UC San Diego
3D Photopatterning of Hydrogels with Applications in Cancer Growth Models
- Author(s): Davey, Shruti Krishna
- Advisor(s): Varghese, Shyni
- et al.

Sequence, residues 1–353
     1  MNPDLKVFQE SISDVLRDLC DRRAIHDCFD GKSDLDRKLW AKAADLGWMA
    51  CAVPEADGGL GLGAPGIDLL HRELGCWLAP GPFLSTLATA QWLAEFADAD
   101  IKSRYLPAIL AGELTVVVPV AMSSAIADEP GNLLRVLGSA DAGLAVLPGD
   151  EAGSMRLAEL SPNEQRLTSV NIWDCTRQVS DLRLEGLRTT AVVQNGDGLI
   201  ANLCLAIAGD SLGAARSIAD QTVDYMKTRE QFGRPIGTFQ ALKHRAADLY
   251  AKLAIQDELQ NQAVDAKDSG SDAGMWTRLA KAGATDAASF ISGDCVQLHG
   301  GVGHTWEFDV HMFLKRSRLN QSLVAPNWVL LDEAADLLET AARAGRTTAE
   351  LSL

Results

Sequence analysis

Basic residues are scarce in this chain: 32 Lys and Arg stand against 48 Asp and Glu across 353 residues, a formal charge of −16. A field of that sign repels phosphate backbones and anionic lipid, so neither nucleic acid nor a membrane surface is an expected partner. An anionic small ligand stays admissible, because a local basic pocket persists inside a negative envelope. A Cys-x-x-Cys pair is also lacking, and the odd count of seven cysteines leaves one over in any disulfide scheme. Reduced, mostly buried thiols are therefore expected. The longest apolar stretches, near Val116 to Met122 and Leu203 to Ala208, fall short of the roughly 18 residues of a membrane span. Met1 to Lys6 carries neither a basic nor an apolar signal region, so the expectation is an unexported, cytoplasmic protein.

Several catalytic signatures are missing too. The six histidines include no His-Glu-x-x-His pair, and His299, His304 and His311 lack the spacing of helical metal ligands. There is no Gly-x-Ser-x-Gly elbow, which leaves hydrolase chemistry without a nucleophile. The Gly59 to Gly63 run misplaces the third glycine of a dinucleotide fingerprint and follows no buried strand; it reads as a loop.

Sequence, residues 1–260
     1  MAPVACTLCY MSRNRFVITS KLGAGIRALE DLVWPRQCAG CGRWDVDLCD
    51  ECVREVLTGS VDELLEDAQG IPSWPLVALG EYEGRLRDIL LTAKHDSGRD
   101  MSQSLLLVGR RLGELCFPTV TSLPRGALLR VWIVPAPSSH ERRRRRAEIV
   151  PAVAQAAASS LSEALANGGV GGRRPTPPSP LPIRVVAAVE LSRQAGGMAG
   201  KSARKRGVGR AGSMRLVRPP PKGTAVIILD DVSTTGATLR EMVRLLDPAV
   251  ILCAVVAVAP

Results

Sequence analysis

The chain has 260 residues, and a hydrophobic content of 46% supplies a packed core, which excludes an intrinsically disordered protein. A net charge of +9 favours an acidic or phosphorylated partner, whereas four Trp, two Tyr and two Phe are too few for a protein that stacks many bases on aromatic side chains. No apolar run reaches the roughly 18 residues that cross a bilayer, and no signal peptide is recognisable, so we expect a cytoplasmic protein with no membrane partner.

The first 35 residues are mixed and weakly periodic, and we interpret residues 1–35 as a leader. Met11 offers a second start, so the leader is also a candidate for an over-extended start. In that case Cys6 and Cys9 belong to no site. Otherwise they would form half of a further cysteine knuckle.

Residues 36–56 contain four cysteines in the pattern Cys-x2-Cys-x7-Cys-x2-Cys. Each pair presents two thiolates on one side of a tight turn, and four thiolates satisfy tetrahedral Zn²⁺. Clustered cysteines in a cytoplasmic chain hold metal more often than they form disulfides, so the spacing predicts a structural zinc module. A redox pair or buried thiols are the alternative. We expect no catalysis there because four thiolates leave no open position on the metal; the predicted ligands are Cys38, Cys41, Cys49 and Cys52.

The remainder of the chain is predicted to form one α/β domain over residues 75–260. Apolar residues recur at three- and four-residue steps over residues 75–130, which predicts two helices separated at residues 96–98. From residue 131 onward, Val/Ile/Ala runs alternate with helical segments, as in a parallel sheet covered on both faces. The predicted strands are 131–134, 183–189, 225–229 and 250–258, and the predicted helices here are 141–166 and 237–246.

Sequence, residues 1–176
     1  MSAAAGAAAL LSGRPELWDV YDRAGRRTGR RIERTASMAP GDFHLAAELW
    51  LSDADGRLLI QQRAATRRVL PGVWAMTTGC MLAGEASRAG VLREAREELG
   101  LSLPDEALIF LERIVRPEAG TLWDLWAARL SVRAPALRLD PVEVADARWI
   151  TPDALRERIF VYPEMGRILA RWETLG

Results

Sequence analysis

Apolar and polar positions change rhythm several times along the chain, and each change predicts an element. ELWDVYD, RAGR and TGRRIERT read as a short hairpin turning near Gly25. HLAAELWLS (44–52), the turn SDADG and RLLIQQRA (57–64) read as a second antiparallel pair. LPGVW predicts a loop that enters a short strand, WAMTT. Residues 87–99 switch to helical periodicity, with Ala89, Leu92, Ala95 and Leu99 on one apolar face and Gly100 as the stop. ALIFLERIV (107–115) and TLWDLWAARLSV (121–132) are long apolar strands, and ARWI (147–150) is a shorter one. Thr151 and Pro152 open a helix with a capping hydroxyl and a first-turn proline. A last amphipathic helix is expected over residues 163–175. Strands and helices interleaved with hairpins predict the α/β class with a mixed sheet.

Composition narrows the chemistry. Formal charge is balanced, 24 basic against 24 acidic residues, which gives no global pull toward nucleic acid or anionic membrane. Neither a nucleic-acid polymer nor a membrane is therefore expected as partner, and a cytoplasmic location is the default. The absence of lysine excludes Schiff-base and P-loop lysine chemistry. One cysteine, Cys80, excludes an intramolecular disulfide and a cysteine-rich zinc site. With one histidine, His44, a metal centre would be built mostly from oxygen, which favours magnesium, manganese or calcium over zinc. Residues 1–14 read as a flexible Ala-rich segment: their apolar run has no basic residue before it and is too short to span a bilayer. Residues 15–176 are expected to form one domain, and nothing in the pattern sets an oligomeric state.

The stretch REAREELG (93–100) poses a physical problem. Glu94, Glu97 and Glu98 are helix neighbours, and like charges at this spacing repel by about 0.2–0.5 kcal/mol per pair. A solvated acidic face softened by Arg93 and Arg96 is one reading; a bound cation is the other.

Techniques for cellular encapsulation within three-dimensional (3D) structures, such as bioprinting and patterning methods, play an important role in creating complex and hierarchically organized tissues, as well as when studying cell-cell and cell-matrix interactions. To this end, advances in technologies have enabled development of methods to generate such 3D structures. We describe an easy-to-use photopatterning method involving photomask and a simple fluorescence microscope. This method is adapted to generate homogeneous and co-culture tissue constructs. Additionally, we extend this approach to establish a system to quantitatively study cancer spheroid growth. We developed a method combining the photomask-based 3D photopatterning technique with microfluidics technology to encapsulate a cancer spheroid within a patterned hydrogel embedded with fluorescent particles, monitor the cancer growth, and quantify the corresponding relative changes in the mechanical properties of the surrounding extracellular matrix (ECM). In this method, we applied hydrostatic pressure to compress the acellular and cell-laden gelatin methacrylate (GelMA) structure to detect volumetric strains. In the case of cell-laden GelMA hydrogel, we applied hydrostatic pressure at different culture timepoints, and recorded the changes in the local volumetric strains and compared it to a finite element simulation. We assess the possibility of this approach to deduce the approximate changes in the material properties during the cancer spheroid growth.